Kenya’s deputy chief justice, Philomena Mwilu, has been under pressure since she was arrested and charged in connection with corruption and tax related offences in 2018. But that has only increased since former chief justice, David Maraga, left office to take leave, pending retirement, late last year. Early in January 2021, an application, ultimately unsuccessful, was made for her to be prevented from taking over as Acting Chief Justice. And last week, a different application was granted, on an interim basis, for a similar order. As a result, she was temporarily suspended as Deputy Chief Justice, as a member of the supreme court and as part of the Judicial Service Commission. Initially, it seemed the court’s order would throw the judiciary into disarray, but that order was quickly set aside following an urgent application just a couple of days later.
Just a fortnight after one high court judge threw out an attempt to suspend Kenya’s Acting Chief Justice, Philomena Mwilu, another judge did exactly that – and more.
High court judge Patrick Otieno sent shockwaves through the judiciary and the legal profession when, on January 29, he granted several temporary orders against the beleaguered deputy chief justice, Judge Mwilu. She is also currently acting as chief justice pending the appointment of a new candidate to fill the post vacated by former CJ David Maraga last month.
The order given by Judge Otieno, suspended her from her substantive position of DCJ, as a member of the supreme court and from playing any part in the Judicial Service Commission.
The matter had been due back in court much later this month, however, the very next day, lawyers prepared a set of papers asking that the orders against Judge Mwilu be set aside.
According to the argument put up to the court, the applicant before Judge Otieno had failed to disclose ‘relevant and material facts’ and he ‘ought to be censured’. The legal team arguing that the suspensions be lifted said that because the orders were granted ex parte against Judge Mwilu, they ‘constructively condemn [her] unheard’. They also ‘unilaterally strip her of her guaranteed constitutional rights and fundamental freedoms’ as well as her security of tenure and also went beyond the jurisdiction of the court that had granted the orders.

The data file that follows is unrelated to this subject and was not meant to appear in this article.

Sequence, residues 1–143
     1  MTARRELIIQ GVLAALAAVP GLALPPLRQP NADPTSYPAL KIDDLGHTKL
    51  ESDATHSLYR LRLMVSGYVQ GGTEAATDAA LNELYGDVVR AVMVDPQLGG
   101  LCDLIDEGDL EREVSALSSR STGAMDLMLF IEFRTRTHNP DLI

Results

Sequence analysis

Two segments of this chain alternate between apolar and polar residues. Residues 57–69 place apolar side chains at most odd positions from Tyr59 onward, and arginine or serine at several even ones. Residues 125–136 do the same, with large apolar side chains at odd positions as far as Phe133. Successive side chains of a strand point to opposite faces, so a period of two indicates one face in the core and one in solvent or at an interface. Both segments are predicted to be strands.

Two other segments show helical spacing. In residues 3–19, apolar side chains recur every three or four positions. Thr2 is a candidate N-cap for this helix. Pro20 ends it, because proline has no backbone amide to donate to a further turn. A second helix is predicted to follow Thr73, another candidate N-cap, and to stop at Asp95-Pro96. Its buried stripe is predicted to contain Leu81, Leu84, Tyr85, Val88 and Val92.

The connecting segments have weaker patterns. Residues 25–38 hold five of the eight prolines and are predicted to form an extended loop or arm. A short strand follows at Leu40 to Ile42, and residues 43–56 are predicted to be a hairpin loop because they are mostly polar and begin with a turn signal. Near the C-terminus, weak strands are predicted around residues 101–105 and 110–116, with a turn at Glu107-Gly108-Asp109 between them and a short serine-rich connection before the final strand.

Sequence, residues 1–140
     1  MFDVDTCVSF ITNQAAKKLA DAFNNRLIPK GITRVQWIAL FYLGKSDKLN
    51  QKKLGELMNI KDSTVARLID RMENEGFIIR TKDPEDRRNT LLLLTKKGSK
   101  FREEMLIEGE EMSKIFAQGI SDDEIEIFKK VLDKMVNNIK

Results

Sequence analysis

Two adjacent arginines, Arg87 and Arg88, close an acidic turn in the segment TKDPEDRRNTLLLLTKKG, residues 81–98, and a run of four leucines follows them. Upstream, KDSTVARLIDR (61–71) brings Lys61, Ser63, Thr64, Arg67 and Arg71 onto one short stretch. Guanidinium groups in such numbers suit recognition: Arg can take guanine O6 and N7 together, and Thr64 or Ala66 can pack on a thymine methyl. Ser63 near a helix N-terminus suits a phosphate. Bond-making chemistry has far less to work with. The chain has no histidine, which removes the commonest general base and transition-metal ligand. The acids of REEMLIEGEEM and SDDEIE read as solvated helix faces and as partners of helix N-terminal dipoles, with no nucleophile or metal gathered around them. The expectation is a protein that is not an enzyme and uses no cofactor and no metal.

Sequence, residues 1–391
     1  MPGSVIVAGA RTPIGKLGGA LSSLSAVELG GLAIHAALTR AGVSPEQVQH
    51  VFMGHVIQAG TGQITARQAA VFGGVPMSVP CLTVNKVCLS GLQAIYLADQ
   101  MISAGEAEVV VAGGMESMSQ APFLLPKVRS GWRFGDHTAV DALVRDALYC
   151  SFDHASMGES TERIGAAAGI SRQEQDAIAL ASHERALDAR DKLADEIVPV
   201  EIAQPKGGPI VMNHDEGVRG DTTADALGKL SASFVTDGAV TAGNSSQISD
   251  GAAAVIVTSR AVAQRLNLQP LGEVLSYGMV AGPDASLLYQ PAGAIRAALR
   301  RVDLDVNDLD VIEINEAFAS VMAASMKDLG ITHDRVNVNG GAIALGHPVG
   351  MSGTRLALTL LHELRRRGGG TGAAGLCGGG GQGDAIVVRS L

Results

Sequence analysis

The petition brought to suspend the judge would lead ‘to the embarrassment of the court and the judiciary’, the lawyers said.
Although no documents are officially available in connection with either matter – both the petition and temporary order granted on 29 January and the counter application, granted on 1 February, for the orders to be set aside and the case to be moved – it appears that the matter discharging the orders came before the same judge who had granted the suspension orders, Judge Otieno, and that case has now been transferred from the Meru to the Nairobi courts to be dealt with.
President of the law society of Kenya, Nelson Havi, welcomed the new development. Earlier, commenting on the suspension orders, he said that no high court judge had the power to suspend a judge of the supreme court. A judge ‘cannot issue an injunction restraining another judge from acting.’
In the wake of the action that led to the suspension orders being lifted he congratulated the lawyers who had brought the challenge. He said the new litigation meant that the ACJ could do her work ‘without disobeying a “court order”’. It would also mean that the supreme court would be ‘able to function’ – this is a reference to the fear that because the ACJ was temporarily barred from sitting on the supreme court it would be left without a quorum. Moreover, Havi tweeted, the judiciary would now not be ‘headless’.
He also said that lawyers should speak out against ‘this obvious attack on the judiciary’. Havi and other observers have linked the charges against Judge Mwilu and the more recent attempts to prevent her from doing her normal administrative and court work, saying they are part of a hit back by the government in retaliation for the supreme court’s decision overturning the national elections of 2017.
Havi’s view was that the ‘public uproar’ that followed Judge Otieno’s original orders suspending Judge Mwilu from her work was not expected by those who had originated the ‘scheme’ against her, and that it was thus unsurprising that the court had decided to discharge the order.